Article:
A member of the Israeli Bar since 1993, Professor Keren practiced law for ten years primarily in the areas of human rights and discrimination. She litigated and won landmark Supreme Court cases including one concerning discriminatory government funding of educational organizations, and another regarding conversions and freedom of religion. Several of those cases are now part of Hebrew University's constitutional law curriculum. With a particular interest in the relationship between law and social change, Professor Keren's primary areas of scholarship are contract law, feminist jurisprudence critical race theory and the emerging field of law and the emotions. Her book, Contract Law from a Feminist Perspective, was published in Hebrew by Sacher Institute for Legislative Research and Comparative Law (2005), and she is the author or co-author of numerous articles, written and published either in Hebrew or English. Her English publications have appeared in the California Law Review, Harvard Law Review, Minnesota Law Review, and Michigan Journal of Race and Law, among others. Her article published by the American University Journal of Gender, Social Policy and Law won the Polonsky Prize for Creativity and Originality in the Humanistic Disciplines. Her latest project is a book (co-authored with K. Abrams of UC Berkeley) which explores the interrelationship of law and hope.
Professor Gabriela Ryan comes to Southwestern from the University of Southern California Law School, where she was first appointed as Director of Student Affairs and Academic Support in 2006, and for the past two years has served as Assistant Dean and Dean of Students, and Adjunct Assistant Professor of Law. As an Associate Professor of Law and Director of the Academic Support and Bar Exam Related Programming at Southwestern, she will have primary responsibility for designing and implementing innovative academic support programs, courses and individual and small group counseling sessions, and designing and assisting with bar exam preparation classes, workshops and events.
Professor Ryan earned her B.S., cum laude, in International Politics and Foreign Policy in 1999 at Georgetown University's Edmund A. Walsh School of Foreign Service, and her J.D. in 2004 at the University of Southern California Law School, where she was Senior Editor of the Law Review and a Legal Writing Fellow. She went on to practice law as an associate with the firm of Gibson, Dunn & Crutcher, representing defendants in white-collar criminal litigation and internal investigations. Prior to entering law school, she served for two years as a bilingual elementary school teacher in Arizona through Teach for America.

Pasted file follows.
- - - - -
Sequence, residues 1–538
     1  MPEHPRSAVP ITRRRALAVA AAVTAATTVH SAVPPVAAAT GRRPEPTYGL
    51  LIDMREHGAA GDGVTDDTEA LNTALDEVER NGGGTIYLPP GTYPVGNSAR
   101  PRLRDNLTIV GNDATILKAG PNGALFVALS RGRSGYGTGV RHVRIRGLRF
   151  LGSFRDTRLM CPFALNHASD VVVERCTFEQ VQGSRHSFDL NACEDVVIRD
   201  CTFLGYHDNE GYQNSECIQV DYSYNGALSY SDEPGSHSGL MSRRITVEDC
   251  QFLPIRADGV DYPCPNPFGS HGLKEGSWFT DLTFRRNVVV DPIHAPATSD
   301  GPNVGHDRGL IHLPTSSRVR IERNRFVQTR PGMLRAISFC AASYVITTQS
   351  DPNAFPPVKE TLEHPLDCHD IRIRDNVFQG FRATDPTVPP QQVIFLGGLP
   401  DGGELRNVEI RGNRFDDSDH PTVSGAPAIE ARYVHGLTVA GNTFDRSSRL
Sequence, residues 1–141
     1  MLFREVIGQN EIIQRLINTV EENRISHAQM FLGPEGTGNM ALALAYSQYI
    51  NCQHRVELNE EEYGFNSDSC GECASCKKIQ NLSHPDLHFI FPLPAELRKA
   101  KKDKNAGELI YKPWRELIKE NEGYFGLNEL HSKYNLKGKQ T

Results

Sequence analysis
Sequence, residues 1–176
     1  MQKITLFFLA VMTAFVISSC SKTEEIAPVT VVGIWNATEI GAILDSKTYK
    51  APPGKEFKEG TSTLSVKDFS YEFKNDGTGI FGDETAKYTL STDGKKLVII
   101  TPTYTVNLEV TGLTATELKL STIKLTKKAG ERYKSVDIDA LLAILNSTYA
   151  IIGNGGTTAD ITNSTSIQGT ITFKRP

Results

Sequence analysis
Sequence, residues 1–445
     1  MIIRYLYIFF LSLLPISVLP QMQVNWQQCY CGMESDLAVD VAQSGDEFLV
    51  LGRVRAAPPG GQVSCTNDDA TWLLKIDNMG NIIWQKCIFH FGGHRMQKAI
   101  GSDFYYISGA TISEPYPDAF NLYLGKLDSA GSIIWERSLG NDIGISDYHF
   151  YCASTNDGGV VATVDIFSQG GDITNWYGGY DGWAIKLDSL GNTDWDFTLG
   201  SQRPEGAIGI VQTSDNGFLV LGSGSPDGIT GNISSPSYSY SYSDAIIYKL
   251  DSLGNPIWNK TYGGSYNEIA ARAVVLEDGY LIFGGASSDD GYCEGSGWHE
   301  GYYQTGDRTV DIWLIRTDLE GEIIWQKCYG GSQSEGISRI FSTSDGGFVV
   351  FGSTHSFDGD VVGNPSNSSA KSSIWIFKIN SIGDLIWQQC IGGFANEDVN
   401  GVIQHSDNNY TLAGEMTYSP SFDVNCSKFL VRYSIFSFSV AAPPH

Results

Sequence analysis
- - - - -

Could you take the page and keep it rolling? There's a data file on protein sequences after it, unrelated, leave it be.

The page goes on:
Professor Ryan's scholarly articles include "Reenfranchising Noncitizens as Partners in America's Democracy," 77 California Law Review 151 (2003) and "Is Government Knowledge a Defense to False Claims Liability?" 84 Federal Contracts Report 310 (September 2005).
Professor Caroline Newcombe has taught Administrative Law, Contracts, and Community Property as a member of Southwestern's adjunct faculty since 2003. She has worked closely with the very successful National Telecommunications Moot Court Competition teams and received the Outstanding Contribution Award from the Moot Court Honors Program in 2008. During the 2010-11 academic year, she will teach Administrative Law, Community Property and Contracts as a Visiting Associate Professor of Law.
Professor Newcombe earned her B.A. from the University of Colorado, Boulder, and her J.D. in 1977 from the University of Virginia School of Law. She continued her legal education at American University, Washington College of Law where she earned her LL.M. in Law and Government in 2005 and won the award for Best LL.M. Paper.
A member of the California State Bar and the United States Supreme Court Bar, Professor Newcombe was associated for more than a decade with the international law firm of Lord, Bissell & Brook where she handled civil litigation, civil appeals, commercial insurance contract coverage disputes and aviation defense, and was chosen to write the first brief in the U.S. involving jurisdiction over satellites in space. She prepared a community property brief which formed the basis of the California Supreme Court opinion in the often cited case of Elden v. Sheldon. Professor Newcombe currently serves as Chair of the Education Committee of the Administrative Law Section of the American Bar Association. Her scholarly publications include the chapter on "Recent Developments in Education Law," in Developments in Administrative Law and Regulatory Practice (J. Lubbers, ed.; 2008, 2009, 2010) and "Morse v. Frederick One Year Later: New Limitations on Student Speech and the 'Columbine Factor,'" 42 Suffolk University Law Review 429 (June 2009). She was recently a panelist at Cornell University Law School where she discussed her forthcoming articles on Early Irish Law and the Origin of California Community Property Law.